On 8 October 2013, following the discovery at CERN’s Large Hadron Collider of a new particle that appeared to be the long-sought Higgs boson predicted by the theory, it was announced that Peter Higgs and François Englert had been awarded the 2013 Nobel Prize in Physics. But they were the survivors of the bunch of people that predicted the mechanism back in 1964. And not the only ones, for Thomas Kibble was alive at the moment (he died in 2016). Actually Higgs himself always includes Kibble’s name when referring to what we know now as the Higgs mechanism, and Abdus Salam used to use the term Higgs-Kibble mechanism for the same.
But Thomas Kibble was not only famous for his involvement in the theoretical development of the Higgs mechanism. His research on phase transitions and topological defects is most significant. Actually, the Kibble-Zurek mechanism (KZM) is a paradigmatic theory to describe the dynamics across both classical continuous phase transitions and quantum phase transitions.
KZM describes the non-equilibrium dynamics and the formation of topological defects in a system which is driven through a continuous phase transition at finite rate. It is named after Kibble, who pioneered the study of domain structure formation in the early universe, and Wojciech H. Zurek, who related the number of defects it creates to the critical exponents of the transition and to how quickly the critical point is traversed.
The development of new methods to induce or mimic adiabatic dynamics – where time flows very slowly and the solution of the Schrödinger’s equation at one given time goes continuously over to the solution at another time – is essential to the progress of quantum technologies. In many-body systems, the need to develop new methods to approach adiabatic dynamics is underlined for their potential application to quantum simulation and adiabatic quantum computation.
But there is a problem. Usually, the system of interest is assumed to be driven by a quench of an external control parameter in a finite time across the critical value. KZM predicts that the average domain size exhibits a universal power-law scaling and that, at the boundary between domains, topological defects form. In other words, KZM constitutes a negative result for the purpose of suppressing defect formation, given that in an arbitrarily large system, defects will be formed no matter how slowly the phase transition is crossed.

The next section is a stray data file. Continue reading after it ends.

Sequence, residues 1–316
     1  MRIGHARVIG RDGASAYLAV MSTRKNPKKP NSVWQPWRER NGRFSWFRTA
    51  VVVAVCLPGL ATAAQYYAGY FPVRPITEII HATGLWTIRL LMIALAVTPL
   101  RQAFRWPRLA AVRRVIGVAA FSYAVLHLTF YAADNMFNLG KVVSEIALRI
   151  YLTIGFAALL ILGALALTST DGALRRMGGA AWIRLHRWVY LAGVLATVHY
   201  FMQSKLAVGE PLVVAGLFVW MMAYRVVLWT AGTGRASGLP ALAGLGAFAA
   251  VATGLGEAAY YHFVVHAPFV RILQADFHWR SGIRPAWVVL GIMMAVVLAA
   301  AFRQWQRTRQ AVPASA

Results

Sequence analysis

The case that experimental reality is not ideal may be a solution. Test beds for the experimental demonstration of universal dynamics at criticality are often inhomogeneous, and it is this very feature which paves the way to defect suppression. Thus, under a finite-rate quench of an external control parameter, the system does not reach the critical point everywhere at once. Rather, a choice of the broken symmetry made locally at the critical front can influence the subsequent symmetry breaking across the system, diminishing the overall number of defects.
In this scenario, then, the paradigmatic KZM fails, and should be extended to account for the inhomogeneous character of the system. Hence, an inhomogeneous Kibble-Zurek mechanism (IKZM) has been formulated in classical phase transitions following the early insight by Kibble himself and Grigorii E.Volovik more than twenty years ago. Its key predictions are a suppression of the net number of excitations with respect to the homogeneous scenario, and an enhanced power-law scaling of the residual density of excitations as a function of the quench rate.
Now, Fernando J. Gómez-Ruiz and Ikerbasque Research Professor Adolfo del Campo (DIPC) 1 establish the universal character of the critical dynamics across an inhomogeneous quantum phase transition and the validity of the IKZM in the quantum domain.
They show that, in inhomogeneous systems, as the critical point is reached locally, there is an interplay between the speed of sound and the velocity of propagation of the critical front. The effective system size in which topological defects can form acquires then a dependence on the quench rate. For fast quenches, the residual density of defects is well described by a power law in agreement with the original Kibble-Zurek mechanism. As the quench rate decreases there exists a crossover to a novel power-law scaling behaviour of the density of defects, which is characterized by a larger exponent, higher than that predicted by the Kibble-Zurek mechanism. In other words, local driving leads to a much more pronounced suppression of the density of defects. This is a testable prediction amenable to a variety of platforms for quantum simulation including cold atoms in optical lattices, trapped ions, and superconducting qubits.
These results should prove useful in a variety of contexts including the preparation of phases of matter in quantum simulators and the engineering of inhomogeneous schedules in quantum annealing.
Author: César Tomé López is a science writer and the editor of Mapping Ignorance.